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Road Closure Intersection Walter J.A. Nisbeth Road/Percy Labega on Sunday.

GREAT BAY (DCOMM):--- Ministry of Public Housing, Environment, Spatial Development and Infrastructure (Ministry VROMI), announces that there will be a complete road closure at the intersection Walter J.A. Nisbeth Road/Percy Labega on Sunday, March 26 as road crews continue to paint traffic lines on the newly paved road surface.

The complete closure will take place from 7.00am to 5.00pm. The project entails painting of the traffic lines on the road surface.

All traffic going to Philipsburg or Point Blanche will have to use the Longwall Road/Cannegieter Street or the Ring Road that comes out in the area of the Yellow Building.
Ministry VROMI apologizes for any inconveniences this may cause.

World Salt Week concludes on Sunday. Salt: The Forgotten Killer.

GREAT BAY (DCOMM):--- The Consensus Action on Salt and Health (CASH), has been celebrating the 18th National Salt Awareness Week which started on March 20 and concludes this Sunday, March 26.

The theme is: ‘Salt: The Forgotten Killer.’

The objective of the awareness week is to remind people that salt raises blood pressure, leading to strokes and heart attacks and that by simply eating less can lower the chances of dying prematurely.

Collective Prevention Services (CPS), a department within the Ministry of Public Health, Social Development and Labour, said on Friday that it supports the efforts by the Salt Smart Workshop on Designing a Social Marketing Campaign for the Caribbean.

The goal of developing a social marketing campaign that could be used throughout the Caribbean to reduce the amount of salt added to food during cooking and food preparation, as well as to raise awareness.

The groups came up with messaged designed to break through the clutter of health information to create a memorable impact on the attitudes of people throughout the region.

The social marketing campaigns target mothers of young children living in the Caribbean and focus on simplicity, low-cost distribution, convenience for mothers, and changing the social norms surrounding salt.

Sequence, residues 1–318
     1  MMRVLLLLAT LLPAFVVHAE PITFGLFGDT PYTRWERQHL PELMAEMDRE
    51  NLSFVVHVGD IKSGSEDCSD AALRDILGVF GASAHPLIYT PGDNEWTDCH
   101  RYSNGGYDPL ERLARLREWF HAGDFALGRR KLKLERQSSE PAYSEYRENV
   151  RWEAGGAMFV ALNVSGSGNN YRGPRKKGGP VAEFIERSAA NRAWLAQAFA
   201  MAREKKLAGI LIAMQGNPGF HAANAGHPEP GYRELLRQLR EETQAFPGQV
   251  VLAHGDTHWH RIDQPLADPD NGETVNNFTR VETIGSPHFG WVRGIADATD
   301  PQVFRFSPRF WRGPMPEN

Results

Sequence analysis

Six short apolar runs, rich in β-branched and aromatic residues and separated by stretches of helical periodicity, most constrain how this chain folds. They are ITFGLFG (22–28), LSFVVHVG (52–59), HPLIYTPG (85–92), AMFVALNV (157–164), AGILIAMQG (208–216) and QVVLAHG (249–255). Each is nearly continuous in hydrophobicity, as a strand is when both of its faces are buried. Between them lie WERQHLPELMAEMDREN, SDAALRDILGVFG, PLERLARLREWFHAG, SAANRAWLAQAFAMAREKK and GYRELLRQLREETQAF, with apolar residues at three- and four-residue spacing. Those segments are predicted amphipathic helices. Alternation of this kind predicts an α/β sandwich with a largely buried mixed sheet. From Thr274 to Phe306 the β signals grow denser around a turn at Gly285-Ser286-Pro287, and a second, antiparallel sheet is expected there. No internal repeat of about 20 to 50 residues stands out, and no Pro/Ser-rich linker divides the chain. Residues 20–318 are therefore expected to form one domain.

The final outcomes included having the participants develop campaigns pitches that will be used to seek funding for the projects and as well as plans for how to disseminate the messages through in-country channels.

The workshop was put together by Dr. Branka Legetic, Regional Advisor on non-communicable diseases, Dr. Ruben Grajeda, Regional Advisor on Nutrition, and Robin Mowson, Consultant in NMH.

The workshop held early March was designed and moderated by Bill Smith, Social Marketing Consultant. Participants included multisector professionals from governments, Non-Governmental Organizations, private sector and professional organizations based in the Caribbean, making this a unique workshop that incorporated all membership components of the Salt Smart Consortium.

The words “salt” and “sodium” are often used interchangeably, but they do not mean the same thing. Salt (also known by its chemical name, sodium chloride) is a crystal-like compound that is abundant in nature and is used to flavor and preserve food. Sodium is a mineral, and one of the chemical elements found in salt. Table salt is approximately 40 percent sodium.
Reducing dietary salt is recommended by the recent United Nations Summit to prevent non communicable diseases (NCDs) and the World Health Organization (WHO) to improve population health.

Excess dietary salt increases blood pressure causing approximately 30% of hypertension and is a probable pro carcinogen for gastric cancer and is also associated with kidney stones and osteoporosis.

Where assessed, the salt consumption is more than 5/g day, maximum quantity recommended by WHO. African descent people are particularly susceptible to the adverse blood pressure effects of excess salt.

High levels of blood pressure is a contributory factor in at least 40% of all heart disease and stroke which represent 45 % of NCDs.

Hypertension is a major health risk in the Americas where between 20-35% of the adult population has elevated blood pressure.

CPS on World TB Day: Unite to End Tuberculosis.

GREAT BAY(DCOMM):--- Worldwide, Tuberculosis (TB) along with HIV is the leading causes of death among infectious diseases. Each year 1.4 million people die from this disease.

With the slogan “Unite to end tuberculosis,” the Pan American Health Organization (PAHO) and the World Health Organization (WHO), is promoting efforts so that together we will tackle TB by stamping out poverty; together we will better test, treat, and cure; together we will stop discrimination and stigma; and together we will drive research and innovation.